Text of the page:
Defense Secretary Donald H. Rumsfeld said today that setting a timeline for withdrawal of American troops from Iraq would give a “lifeline for terrorists.” And in a spirited defense of the war, he invoked Abraham Lincoln and the American revolution.
But several Democratic members of the Senate Armed Services Committee questioned the progress of the war effort and the Bush administration’s handling of the war. During a particularly dramatic sequence, Sen. Edward M. Kennedy, Democrat of Massachusetts, called the war a “quagmire” that had been “consistently and grossly mismanaged” by Mr. Rumsfeld. He also accused the defense secretary of making a series of misleading comments before and during the war.
“In baseball, it’s three strikes you’re out,” Mr. Kennedy said. “Isn’t it time for you to resign?”
After pausing to take a breath, Mr. Rumsfeld said, “Senator, I’ve offered my resignation to the president twice.” President Bush did not accept the resignations, the defense secretary said.
The Senate hearing took place against the backdrop of escalating violence in Iraq, including four car bombs detonated in Baghdad today, that killed at least 17 people and wounded 68 others. In recent days, several members of Congress have demanded an exit strategy and a scheduled withdrawal of American forces. But in his prepared testimony today, Mr. Rumsfeld said presenting a timeline “would be a mistake.”
“It would throw a lifeline to terrorists who in recent months have suffered significant losses and casualties, been denied havens and suffered weakened popular support,” said Mr. Rumsfeld. “Timing in war is never predictable. There are no guarantees. And any who say we’ve lost this war or that we’re losing this war are wrong. We are not.”
“Less than 140,000” American troops are in Iraq, Mr. Rumsfeld said, down from a high of 160,00 during the Iraqi elections in January. He said the priorities of the remaining troops have shifted “from conducting security operations, essentially, to a heavier focus on training, equipping and assisting the Iraqi security forces.”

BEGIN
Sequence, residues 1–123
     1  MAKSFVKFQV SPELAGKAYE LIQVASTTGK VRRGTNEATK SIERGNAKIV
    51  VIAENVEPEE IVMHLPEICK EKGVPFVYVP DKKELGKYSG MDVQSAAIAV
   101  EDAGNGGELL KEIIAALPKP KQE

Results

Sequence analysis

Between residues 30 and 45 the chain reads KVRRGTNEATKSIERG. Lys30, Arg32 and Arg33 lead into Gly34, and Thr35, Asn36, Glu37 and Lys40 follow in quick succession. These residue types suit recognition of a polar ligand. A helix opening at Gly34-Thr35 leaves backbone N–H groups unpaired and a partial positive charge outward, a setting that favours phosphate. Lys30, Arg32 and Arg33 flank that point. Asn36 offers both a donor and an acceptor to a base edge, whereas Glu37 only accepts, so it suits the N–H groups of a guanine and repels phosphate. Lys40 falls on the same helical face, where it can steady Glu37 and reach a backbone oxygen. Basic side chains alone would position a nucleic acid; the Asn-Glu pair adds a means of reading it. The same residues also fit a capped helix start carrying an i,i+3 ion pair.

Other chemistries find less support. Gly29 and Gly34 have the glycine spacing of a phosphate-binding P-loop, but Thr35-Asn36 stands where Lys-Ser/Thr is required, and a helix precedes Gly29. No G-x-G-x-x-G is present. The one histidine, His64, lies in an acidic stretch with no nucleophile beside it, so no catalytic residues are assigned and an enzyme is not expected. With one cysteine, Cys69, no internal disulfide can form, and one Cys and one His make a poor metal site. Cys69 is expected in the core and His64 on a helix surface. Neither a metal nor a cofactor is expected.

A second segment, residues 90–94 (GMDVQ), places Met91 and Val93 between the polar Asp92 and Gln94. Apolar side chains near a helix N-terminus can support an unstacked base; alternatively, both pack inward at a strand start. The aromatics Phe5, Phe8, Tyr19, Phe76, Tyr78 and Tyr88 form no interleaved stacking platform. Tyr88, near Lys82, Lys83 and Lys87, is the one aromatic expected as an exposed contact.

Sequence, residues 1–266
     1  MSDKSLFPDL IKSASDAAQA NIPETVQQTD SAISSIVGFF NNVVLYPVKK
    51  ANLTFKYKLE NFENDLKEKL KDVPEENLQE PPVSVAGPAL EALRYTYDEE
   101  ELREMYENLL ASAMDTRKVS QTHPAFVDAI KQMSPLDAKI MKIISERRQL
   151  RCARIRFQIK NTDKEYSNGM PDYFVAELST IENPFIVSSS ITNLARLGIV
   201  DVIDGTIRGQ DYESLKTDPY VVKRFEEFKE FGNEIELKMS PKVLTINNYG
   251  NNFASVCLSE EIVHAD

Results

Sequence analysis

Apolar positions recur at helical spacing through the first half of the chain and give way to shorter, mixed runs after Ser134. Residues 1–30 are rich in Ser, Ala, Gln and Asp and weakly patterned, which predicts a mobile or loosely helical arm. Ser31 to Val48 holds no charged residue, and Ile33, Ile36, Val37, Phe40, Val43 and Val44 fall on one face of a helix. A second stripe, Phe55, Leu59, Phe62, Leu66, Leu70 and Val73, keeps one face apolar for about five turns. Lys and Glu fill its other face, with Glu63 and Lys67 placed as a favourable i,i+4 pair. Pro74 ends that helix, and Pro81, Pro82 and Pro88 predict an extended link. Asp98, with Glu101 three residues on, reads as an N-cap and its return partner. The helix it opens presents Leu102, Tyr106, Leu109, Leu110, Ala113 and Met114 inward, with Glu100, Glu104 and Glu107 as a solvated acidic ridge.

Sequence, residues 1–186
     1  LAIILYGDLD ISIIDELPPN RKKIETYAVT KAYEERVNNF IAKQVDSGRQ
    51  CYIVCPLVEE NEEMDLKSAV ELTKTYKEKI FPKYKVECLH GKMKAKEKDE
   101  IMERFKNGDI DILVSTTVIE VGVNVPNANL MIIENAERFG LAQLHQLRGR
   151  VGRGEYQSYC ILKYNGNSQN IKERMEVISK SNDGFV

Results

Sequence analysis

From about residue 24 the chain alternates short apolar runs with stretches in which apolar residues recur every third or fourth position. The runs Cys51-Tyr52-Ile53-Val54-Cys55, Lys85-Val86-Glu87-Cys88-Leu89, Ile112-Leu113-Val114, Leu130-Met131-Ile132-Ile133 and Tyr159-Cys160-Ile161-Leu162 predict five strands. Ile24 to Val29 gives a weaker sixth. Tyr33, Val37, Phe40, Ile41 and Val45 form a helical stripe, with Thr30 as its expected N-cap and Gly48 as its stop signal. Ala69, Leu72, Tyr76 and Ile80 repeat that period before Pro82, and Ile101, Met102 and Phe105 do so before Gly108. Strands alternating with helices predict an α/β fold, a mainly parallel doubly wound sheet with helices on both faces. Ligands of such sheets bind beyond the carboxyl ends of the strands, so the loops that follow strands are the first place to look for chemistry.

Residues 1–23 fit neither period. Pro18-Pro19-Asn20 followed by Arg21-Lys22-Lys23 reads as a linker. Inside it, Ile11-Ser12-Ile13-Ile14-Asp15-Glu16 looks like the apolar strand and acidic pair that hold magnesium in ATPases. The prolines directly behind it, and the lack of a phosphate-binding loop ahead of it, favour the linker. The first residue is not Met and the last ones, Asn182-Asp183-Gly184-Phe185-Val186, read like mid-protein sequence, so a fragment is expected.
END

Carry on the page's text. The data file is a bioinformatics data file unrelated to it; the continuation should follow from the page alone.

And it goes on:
When asked about the strength of the insurgency, American commanders told the committee that the insurgents were at least as strong now as they had been six months ago. Gen. John P. Abizaid, who is in charge of multinational forces in Iraq, told the senators, “I believe there are more foreign fighters coming into Iraq than there were six months ago.”
Mr. Rumsfeld, General Abizaid and the other commanders who testified today declined to endorse the position of Vice President Dick Cheney, who said recently that the insurgency in Iraq was in its “last throes.””Those words, though, I didn’t use them, and I might not use them,” said Mr. Rumsfeld, who did allow that insurgents might believe they are in their last throes.
Responding to pointed questions from Sen. Carl Levin, Democrat of Michigan, General Abizaid said he would not criticize the vice president, but added, “there’s a lot of work to be done against the insurgency.”
But Mr. Rumsfeld gave a relatively positive picture of the war.
“Iraqis are building an economy and it’s growing,” Mr. Rumsfeld said. “The insurgency remains dangerous, particularly in several parts of Iraq, but terrorists no longer can take advantage of sanctuaries like Falluja. And coalition and Iraqi forces are capturing or killing hundreds of violent extremists on a weekly basis and confiscating literally a mountain of weapons.”
But he acknowledged that Iraqi forces are not ready to fight the war by themselves, and none of the officials said they could say how many are actually “combat ready.”
“A year ago, six Iraqi army battalions were in training,” Mr. Rumsfeld said. “Today, dozens of trained battalions are capable of conducting armed anti-insurgent operations, albeit with coalition support. Sections of the country are relatively peaceful and essentially under the control of Iraqi security forces at the present time.”
Later, in questioning by Mr. Kennedy, the defense secretary said, “they’re not like U.S. forces, they’re never going to be like U.S. forces.”
Mr. Rumsfeld said he did not favor a six-month extension for the Iraqi government to write and ratify a constitution. Despite prodding from Mr. Levin, he did not agree that the Bush administration should pressure the Iraqi government to accelerate its pace by threatening a withdrawal of American forces.
Perhaps referring to declining support for the war, Mr. Rumsfeld mentioned the dark days of the American revolution in 1776, and quoted President Lincoln, who told Americans during the Civil War in 1864: “There may be mistakes made sometimes, and things done wrong, while the officers of the government do all they can to prevent mistakes. But I beg of you as citizens of this great republic, not to let your minds be carried off from the great work we have before us.”
Mr. Rumsfeld added, “That was good advice.”